Written by: Gail Simone
Art by: Cat Staggs
Published by: Image Comics
A slick and ruthless Chicago hitman. A smart but downtrodden Seattle housewife. When an inexplicable event strikes these two random strangers, their bodies, souls, and lives are switched to potentially deadly effect. It’s Freaky Friday meets Goodfellas!
Holy moly, I did not see Crosswind coming. This was a blind buy, I didn’t know anything about this comic before I saw on the new release wall my local comic shop yesterday. The only reason I picked up Crosswind #1 was because I noticed it was written by the one and only Gail Simone.
Crosswind is a collaboration between Gail Simone and artist Cat Staggs, and this series hopes to answer one simple question: what would happen if a hitman switched bodies with a housewife?
The first issue of this series introduces us to Cason, a Chicago based hitman, and Juniper, a suburban housewife. Simone does an incredible job developing both characters before they switch bodies. The story in issue #1 spends time with each character as we learn about their lives, their daily routines, and the people in their life.
Cason’s life is pretty straightforward, and we see him on the job in the first few pages. Meanwhile, Juniper is dealing with a moody teenager, and some a-hole neighbors. But the biggest pain in her life may end up being her husband who (in this issue at least), treats her more like an employee than a wife.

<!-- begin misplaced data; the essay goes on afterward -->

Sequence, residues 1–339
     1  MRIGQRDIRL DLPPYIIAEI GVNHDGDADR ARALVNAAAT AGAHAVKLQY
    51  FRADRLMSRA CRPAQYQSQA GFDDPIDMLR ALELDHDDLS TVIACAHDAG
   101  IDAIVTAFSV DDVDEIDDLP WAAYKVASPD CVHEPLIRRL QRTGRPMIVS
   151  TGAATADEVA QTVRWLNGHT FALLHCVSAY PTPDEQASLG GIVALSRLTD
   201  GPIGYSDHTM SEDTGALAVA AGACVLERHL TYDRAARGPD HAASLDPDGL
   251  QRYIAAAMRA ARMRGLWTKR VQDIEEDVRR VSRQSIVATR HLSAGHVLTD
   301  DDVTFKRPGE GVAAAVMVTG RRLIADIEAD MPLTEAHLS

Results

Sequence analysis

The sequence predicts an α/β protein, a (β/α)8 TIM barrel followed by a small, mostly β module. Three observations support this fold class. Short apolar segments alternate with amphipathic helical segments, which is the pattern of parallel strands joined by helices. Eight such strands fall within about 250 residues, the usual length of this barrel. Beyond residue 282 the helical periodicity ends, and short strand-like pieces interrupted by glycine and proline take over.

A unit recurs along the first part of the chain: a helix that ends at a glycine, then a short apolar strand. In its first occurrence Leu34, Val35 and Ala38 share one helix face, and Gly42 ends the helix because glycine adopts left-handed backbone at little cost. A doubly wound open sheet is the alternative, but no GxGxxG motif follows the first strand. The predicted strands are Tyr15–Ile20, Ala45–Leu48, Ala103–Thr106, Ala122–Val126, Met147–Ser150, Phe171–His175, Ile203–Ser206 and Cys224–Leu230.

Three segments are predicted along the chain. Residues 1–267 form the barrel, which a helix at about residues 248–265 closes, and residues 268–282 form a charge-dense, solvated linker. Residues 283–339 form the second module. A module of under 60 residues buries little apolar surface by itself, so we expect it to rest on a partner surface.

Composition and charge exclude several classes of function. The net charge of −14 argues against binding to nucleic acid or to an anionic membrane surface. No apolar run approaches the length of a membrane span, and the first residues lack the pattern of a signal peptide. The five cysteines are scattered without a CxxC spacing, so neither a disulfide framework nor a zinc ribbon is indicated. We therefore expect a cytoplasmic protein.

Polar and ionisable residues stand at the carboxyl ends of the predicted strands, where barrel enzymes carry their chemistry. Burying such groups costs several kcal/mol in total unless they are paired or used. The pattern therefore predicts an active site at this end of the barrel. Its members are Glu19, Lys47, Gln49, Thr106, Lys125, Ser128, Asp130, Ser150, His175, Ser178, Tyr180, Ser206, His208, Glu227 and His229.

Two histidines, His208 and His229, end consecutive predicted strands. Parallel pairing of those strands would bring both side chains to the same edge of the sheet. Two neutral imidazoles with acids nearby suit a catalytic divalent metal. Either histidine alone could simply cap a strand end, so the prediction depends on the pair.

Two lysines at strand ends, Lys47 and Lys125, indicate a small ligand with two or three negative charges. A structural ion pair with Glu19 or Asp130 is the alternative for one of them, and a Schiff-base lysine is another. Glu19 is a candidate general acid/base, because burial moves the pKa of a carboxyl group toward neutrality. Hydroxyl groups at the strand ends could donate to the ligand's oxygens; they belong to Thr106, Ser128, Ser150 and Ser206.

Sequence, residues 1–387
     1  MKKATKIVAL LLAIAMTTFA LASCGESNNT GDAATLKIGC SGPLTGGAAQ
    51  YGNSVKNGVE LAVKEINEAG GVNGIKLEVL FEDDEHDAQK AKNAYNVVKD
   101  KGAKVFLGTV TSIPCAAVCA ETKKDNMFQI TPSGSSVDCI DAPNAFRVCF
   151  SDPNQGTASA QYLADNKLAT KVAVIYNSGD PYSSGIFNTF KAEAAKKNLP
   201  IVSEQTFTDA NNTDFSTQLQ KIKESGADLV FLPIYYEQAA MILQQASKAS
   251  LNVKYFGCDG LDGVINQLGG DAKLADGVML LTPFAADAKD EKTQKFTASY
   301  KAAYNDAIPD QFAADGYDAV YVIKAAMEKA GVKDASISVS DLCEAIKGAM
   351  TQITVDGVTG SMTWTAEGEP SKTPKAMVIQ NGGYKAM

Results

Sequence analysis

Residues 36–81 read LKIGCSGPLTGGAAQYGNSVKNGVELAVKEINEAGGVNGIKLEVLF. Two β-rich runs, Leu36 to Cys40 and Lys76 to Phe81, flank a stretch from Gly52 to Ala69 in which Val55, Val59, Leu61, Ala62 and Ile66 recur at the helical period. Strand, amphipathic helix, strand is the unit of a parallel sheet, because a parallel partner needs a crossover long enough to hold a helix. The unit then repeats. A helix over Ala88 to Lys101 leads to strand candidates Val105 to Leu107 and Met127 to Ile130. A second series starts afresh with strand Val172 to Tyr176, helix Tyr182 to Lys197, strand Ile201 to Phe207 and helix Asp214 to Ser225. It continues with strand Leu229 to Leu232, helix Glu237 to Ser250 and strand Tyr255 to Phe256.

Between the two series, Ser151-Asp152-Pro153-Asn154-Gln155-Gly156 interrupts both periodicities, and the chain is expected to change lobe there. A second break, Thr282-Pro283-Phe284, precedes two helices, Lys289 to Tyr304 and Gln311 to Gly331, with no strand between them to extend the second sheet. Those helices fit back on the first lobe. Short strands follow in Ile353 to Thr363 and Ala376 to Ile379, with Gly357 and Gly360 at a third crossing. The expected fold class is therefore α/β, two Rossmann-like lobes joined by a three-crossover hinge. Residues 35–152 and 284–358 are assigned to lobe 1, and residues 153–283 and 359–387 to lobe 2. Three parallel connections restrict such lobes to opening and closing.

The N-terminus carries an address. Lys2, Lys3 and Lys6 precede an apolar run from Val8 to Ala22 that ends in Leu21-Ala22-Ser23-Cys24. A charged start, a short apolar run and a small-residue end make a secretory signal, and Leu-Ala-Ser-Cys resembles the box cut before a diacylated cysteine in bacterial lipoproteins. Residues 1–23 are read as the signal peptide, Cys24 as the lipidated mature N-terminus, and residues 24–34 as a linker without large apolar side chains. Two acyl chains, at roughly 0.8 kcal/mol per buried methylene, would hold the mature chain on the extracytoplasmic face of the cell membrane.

Parts of this issue were heartbreaking, while other moments just plain shocked me. Gail Simone breathes new life into situations we’ve seen before, but for once they don’t feel preachy. Simone simply shows you real-life scenarios and lets you as the reader decide what to make of them.
When it comes to Cat Staggs’ art, I have to admit it took a bit to get used to it. Staggs’ art style is super-realistic, so much so that when a woman shows up in Cason’s apartment, I wondered if it was a photograph.
But as the issue went on, Cat Staggs’ art made Crosswind‘s crime elements pop out of the page. After reading this comic twice, it’s clear to me that this story would not have the same weight with a different artist.
I can’t remember a time when I wasn’t a fan of Gail Simone. I’ve followed her work in everything from Birds of Prey, to Batgirl, Secret Six, The All-New Atom, and Wonder Woman. And two years ago she blew my mind with her Swords of Sorrow mega event. She’s done fine work before, but Crosswind #1 may be some of the best stuff Simone has ever done!
Crosswind #1 score: A+